As the novelty of Pokémon Go starts wearing off, there’s a lot to say about its impact and what we can learn from it, more specifically about its onboarding experience and autotelic nature.
How Does Pokémon Go Work?
The game, made by google off-shoot Niantic Labs, tasks players to explore the world around them in order to find and catch Pokémons. You’re presented with a map and challenged to walk around, capture some Pokémons and get supplies from notable locations around town.
Larger locations, known as gyms, are controlled by one of three teams (red, blue or yellow) and players use their Pokémons to capture these locations by fighting with the Pokémons they’ve captured.
The game is based off of their previous work with ingress, which focused on capturing points to create an area your team would control. The game also served as a way to build better map data through the exploration of paths and the identification of notable spots in urban centers.
The onboarding experience for Pokémon Go is very simple : Professor Willow sends you out into the world to catch some Pokémons! The onboarding provides the most basic guidance for the game and sends you into the world.
This has some clear advantages as a lot of activities in the game are dependent on you going out and walking, sometimes to precise locations. For example, Pokémon combat is only introduced once you reach a Pokémon Gym.
Long onboarding processes can be tedious and counter-productive (as long winded instructions will be forgotten). So providing a good first experience that focuses users on a main task let’s them quickly get on with what they want to do.
By not showing all the features right away, it allows for a fairly important level of discovery of the game’s rules and mechanics. Which is great, as you want players to have a way to acquire and refine their skills gradually.
This “just-in-time” approach to presenting the rules of the game, provides clear guidance to the users. And a lot of these rules have been quickly figured out by online communities, including the rules behind throwing PokéBalls or accumulating distances towards hatching Pokémon.
Onboarding also helps to establish what the limits of the game are (or lack-of-thereof). While the augmented reality (AR) used is far from perfect, it serves as a really good way of introducing the idea that you have to explore the space around you.
One example of this is the starting Pokémons: As per the original game, players are given the choice of 3 Pokémons to begin with.
However, if they choose to walk away from their current location, they will be given a fourth choice: a pikachu. By establishing that moving beyond the initial screen frame is rewarding, Pokémon Go manages to introduce its users to interactions in as wide a natural space there is.
And this is a great first step into Augmented Reality. It might even be remembered as how and when Augmented Reality first moved into our mundane reality.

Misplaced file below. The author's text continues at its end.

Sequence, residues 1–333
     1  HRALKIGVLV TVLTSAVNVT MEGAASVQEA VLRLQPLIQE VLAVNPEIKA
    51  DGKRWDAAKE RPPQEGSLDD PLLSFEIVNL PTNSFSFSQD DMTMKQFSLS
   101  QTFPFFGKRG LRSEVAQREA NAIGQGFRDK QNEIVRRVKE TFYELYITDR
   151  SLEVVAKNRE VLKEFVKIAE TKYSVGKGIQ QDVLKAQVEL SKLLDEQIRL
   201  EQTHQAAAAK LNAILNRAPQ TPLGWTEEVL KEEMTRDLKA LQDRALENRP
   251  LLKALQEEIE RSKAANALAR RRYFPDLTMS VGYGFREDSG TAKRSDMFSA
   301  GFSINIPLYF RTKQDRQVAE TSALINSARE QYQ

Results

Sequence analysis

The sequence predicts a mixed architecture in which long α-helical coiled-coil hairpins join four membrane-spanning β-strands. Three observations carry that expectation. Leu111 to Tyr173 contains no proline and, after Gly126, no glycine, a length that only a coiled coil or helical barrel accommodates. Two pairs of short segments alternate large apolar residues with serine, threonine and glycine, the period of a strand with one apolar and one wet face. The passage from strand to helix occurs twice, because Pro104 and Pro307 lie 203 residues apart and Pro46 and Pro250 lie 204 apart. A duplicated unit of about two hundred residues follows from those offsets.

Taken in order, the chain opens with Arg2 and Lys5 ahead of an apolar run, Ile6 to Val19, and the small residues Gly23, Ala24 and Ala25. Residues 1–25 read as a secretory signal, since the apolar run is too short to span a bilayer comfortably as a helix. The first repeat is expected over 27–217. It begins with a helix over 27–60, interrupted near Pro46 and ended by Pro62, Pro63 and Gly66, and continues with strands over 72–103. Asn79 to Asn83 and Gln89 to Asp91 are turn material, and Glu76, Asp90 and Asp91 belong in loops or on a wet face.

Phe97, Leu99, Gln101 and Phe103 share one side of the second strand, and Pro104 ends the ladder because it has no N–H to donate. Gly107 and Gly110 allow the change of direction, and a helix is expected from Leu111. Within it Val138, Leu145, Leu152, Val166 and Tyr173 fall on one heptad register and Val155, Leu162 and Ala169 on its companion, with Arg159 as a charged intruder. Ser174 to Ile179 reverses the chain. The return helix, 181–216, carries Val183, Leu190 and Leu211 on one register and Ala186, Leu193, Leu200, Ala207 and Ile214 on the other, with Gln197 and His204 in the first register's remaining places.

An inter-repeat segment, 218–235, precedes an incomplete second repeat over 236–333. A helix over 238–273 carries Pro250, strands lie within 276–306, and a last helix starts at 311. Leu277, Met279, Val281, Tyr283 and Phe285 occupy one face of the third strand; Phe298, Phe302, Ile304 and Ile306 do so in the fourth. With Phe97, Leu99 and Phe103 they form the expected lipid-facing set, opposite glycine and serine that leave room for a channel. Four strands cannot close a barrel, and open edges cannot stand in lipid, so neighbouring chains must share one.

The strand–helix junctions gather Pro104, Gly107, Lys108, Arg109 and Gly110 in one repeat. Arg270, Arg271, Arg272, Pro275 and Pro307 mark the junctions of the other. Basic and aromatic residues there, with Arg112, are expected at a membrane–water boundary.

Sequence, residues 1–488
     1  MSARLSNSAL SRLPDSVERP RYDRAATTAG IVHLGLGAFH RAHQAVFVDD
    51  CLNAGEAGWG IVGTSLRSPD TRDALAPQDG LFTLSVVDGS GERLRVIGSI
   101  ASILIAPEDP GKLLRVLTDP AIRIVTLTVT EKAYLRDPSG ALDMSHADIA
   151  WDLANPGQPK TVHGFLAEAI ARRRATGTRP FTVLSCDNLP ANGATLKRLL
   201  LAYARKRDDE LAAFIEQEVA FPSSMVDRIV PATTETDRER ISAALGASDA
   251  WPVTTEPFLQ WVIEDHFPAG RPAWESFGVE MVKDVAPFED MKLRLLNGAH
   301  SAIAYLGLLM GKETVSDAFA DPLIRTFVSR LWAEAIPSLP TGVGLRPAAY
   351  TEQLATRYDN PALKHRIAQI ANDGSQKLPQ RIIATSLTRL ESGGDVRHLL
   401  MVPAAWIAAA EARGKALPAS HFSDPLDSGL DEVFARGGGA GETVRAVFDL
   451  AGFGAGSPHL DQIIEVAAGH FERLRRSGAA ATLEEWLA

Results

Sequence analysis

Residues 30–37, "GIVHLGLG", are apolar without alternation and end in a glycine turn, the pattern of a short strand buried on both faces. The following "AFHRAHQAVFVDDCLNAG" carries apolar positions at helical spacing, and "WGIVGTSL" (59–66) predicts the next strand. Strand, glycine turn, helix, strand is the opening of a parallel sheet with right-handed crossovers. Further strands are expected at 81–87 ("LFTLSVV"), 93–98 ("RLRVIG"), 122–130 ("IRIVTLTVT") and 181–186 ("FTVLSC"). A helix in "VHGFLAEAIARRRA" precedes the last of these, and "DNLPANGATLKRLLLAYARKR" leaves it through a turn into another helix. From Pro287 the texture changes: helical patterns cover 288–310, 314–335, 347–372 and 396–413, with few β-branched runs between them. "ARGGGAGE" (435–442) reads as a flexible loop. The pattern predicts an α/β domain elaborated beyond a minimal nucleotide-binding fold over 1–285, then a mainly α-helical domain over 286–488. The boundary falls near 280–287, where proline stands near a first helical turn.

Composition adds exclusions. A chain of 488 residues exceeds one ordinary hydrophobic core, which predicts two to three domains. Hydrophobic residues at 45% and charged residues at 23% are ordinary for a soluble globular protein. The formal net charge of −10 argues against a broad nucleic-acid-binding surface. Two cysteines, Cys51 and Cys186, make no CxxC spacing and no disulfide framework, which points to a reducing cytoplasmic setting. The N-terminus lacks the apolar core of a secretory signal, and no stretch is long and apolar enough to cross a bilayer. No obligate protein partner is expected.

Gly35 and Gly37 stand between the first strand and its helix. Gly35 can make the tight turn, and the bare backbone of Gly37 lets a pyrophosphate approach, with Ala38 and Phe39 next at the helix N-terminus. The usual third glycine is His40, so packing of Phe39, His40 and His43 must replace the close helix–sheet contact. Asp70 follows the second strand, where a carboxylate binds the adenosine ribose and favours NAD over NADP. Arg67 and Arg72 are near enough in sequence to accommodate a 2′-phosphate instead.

As these come out, a good introduction to how they work could go a long way in keeping players interested and looking for new ways to play the game.
An Autotelic Experience
It’s possible that Pokémon Go’s biggest accomplishment is to get people moving in a way and scale that other fitness applications have never been able to achieve.
Of course, it has a lot to do with nostalgia and being available on devices people already own, but it also leverages an intrinsic aspect of games: it provides an autotelic experience.
The « autotelic » experience is defined as an experience driven by the pleasure of being involved in the experience for its own sake.
You play because you enjoy playing (as opposed to do something for an external reward, like working a job to get paid).
The sure signs of an autotelic play is loosing track of time while being actively engaged into the action, having a sense that your thinking and the actions you take are completely in synch, and paying attention to nothing else beside the action at hand.
In this case, people aren’t going out to exercise, or to increase a number of steps. They are going Pokémon “hunting”, incidentally walking around, engrossed in their activity.
This is then is no longer an experience driven by physical performance, but one driven by exploration and discovery.
There lies the difference between an autotelic experience and a gamification-induced behaviour : gamification will have us pursue unattractive activities (that are «good for us») outside the game by rewarding them in the game world.
In autotelic flow, it’s all good: the purpose of the experience and the experience itself is what is fun. It is self rewarding.
Autotelic experiences are not exclusive to games. They can happen around creative tasks, work tasks, all manner of human endeavour, really.
Setting up fluid autotelic experiences requires both a fine understanding of users, their methods, and mental models and a subtle yet definite mastery of design.
It’s complicated (best left for another blog) but a lot of fun to master and build into the life of products and services. Pokémon Go is a best-of-class example of how an autotelic experience can move and change behaviours overnight!
It will be interesting to see what’s in place for Pokémon Go in the next few months. In the meantime, we’ll keep our phones nearby: someone has to take care of all the Zubats around the office.